LW: The relationship was pretty good, Christin told me, until the spring of 2019. Her office was under a lot of pressure from the state to cut fat from the health plan.


CD: So here I am in Trenton, with a budget deadline looming, asked to find, you know, $200, $300 million. 

LW: Christin eventually gets down to Horizon’s fees, and she sees a bunch of services the TPA says it’s providing.

CD: And one of the larger line items for us was recovery services. And I start trying to understand, okay, what exactly are these recovery services made up of?

LW: Now this gets complicated quickly so we asked Christin to give us a basic hypothetical that illustrates what she realized recovery services really are.

CD: A very simple example would be a hospital in January, they accidentally bill for two knee replacements, right? Let’s say it was a $50,000 knee replacement, but we get billed a hundred because they accidentally duplicate it. 

LW: But the TPA doesn’t catch that mistake. So they pay the hospital $100,000 out of the state of New Jersey’s benefit fund. 

CD: Some time in June, you know, your TPA discovers that that was in fact an overpayment and they now tell the hospital, I’m going to take back $50,000 because you only did one surgery and you only get 50.

LW: So the TPA has “recovered” this 50 grand, but instead of just refunding it to the state, who paid the bill in the first place, the TPA takes a cut.

New Jersey’s contract at the time allowed Horizon to take 12 cents out of every dollar the company “recovered,” and there was no limit on how much the TPA could collect in these “savings.”

DG: So basically Horizon has a financial incentive to make mistakes…and the more mistakes they make now…and recover later…the more money they make?

LW: Bingo and as soon as Christin connected those dots, she was pissed.

CD: Um, so yeah, what the F right? Had they been more vigilant in overseeing the claims as they were paid out of the door, then we wouldn’t need to save that money because it wouldn’t have ever been paid.

LW: She tells the TPA they need to bring this line item down immediately. But first, she says, Horizon warns her that will end up meaning more wasted spending.

And, look, most TPAs do claims recovery. They say it’s basically impossible to catch all this stuff in real time and still pay bills as rapidly as employers want. I mean, they’re processing hundreds of millions of claims, some stuff is gonna get through.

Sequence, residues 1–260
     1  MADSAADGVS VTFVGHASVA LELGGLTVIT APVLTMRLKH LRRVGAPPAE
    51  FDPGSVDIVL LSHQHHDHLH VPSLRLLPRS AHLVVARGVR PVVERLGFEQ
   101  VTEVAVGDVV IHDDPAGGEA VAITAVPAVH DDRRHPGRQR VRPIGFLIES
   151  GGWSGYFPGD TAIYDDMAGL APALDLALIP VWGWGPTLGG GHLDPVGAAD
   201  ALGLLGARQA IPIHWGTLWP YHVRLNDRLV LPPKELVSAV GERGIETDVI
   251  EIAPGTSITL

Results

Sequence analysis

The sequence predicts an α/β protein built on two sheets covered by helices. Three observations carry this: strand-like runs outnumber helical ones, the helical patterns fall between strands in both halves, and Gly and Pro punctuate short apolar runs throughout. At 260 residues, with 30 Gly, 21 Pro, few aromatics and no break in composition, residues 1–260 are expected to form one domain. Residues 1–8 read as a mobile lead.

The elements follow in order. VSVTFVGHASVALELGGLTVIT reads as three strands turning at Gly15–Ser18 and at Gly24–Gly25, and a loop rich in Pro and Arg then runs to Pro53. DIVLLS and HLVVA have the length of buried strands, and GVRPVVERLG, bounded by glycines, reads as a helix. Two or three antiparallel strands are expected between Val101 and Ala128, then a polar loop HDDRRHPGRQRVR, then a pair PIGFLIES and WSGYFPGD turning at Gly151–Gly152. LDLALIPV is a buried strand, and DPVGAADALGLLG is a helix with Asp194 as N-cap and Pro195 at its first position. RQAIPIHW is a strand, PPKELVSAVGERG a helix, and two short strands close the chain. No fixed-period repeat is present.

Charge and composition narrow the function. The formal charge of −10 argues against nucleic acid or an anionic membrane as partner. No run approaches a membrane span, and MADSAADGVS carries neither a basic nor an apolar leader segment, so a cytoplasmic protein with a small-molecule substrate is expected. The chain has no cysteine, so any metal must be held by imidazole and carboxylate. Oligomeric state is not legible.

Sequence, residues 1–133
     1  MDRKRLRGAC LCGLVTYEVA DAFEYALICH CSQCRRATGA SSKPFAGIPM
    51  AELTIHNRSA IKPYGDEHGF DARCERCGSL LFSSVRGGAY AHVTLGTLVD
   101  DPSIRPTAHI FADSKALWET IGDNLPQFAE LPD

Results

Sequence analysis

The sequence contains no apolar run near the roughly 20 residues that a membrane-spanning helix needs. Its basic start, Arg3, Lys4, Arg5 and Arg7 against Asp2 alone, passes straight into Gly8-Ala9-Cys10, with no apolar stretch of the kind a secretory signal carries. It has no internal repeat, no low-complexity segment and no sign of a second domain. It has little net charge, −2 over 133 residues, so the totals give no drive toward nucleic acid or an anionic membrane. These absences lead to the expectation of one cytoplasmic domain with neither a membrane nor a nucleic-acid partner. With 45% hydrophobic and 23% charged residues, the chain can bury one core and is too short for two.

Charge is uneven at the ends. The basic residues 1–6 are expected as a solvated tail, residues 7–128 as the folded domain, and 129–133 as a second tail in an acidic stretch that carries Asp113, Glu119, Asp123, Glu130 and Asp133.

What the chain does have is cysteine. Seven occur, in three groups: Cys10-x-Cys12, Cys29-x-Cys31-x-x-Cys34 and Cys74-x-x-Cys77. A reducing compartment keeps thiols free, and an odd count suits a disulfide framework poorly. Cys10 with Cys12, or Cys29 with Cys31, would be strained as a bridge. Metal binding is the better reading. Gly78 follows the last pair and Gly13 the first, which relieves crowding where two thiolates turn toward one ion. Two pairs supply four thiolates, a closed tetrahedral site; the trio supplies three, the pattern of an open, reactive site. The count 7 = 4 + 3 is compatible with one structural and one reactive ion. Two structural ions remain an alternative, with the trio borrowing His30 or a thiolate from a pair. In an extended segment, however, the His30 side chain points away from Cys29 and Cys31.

DG: Plus I can’t imagine providers are blameless here, right? They’re also trying to squeeze every dollar they can out of every visit, pad their revenues.

LW: That’s all true. But here’s what stood out to Christin.  

She had assumed paying Horizon $100 million a year meant they’d do whatever they could to help her save money and deliver high quality care.

Now she knew it was a lot more complicated. 

CD: For me, it was one of the, one of the first and certainly the most, significant moments when I recognized how sort of screwed, self-funded employers were and, and are ​​and will continue to be until they really take agency and insert themselves in this process.

LW: At that point Christin decided it was time to get in the driver’s seat.

DG: Lean into that fiduciary responsibility.

LW: Exactly.


LW: And she got help from lawmakers. They passed a bill requiring her to hire an independent firm to take over the claims recovery work.

But even then, Horizon made it tough, telling her the new firm could only review 25 batches of records from one hospital…none at all from another.

To me, Dan, that pushback really captures Christin’s experience in a nutshell. These are huge businesses with their own incentives, profits, provider networks…and if what an employer wants conflicts with that TPA’s bottom line, they’re gonna fight you. 

DG: And Leslie, is that the sorta gold nugget you found on your journey into these deep, dark depths? 

LW: That’s a big one. The other: TPAs just don’t have much skin in the game. There’s this footnote to Christin’s story…

She left her job with the state in mid-August and now helps other employers keep tabs on their TPAs.

But Dan, before heading out the door, Christin had spent 18 months warning Horizon that providers might gouge the state on COVID tests. And, up until her last day, she was seeing $800 dollar claims for tests that should have cost $100.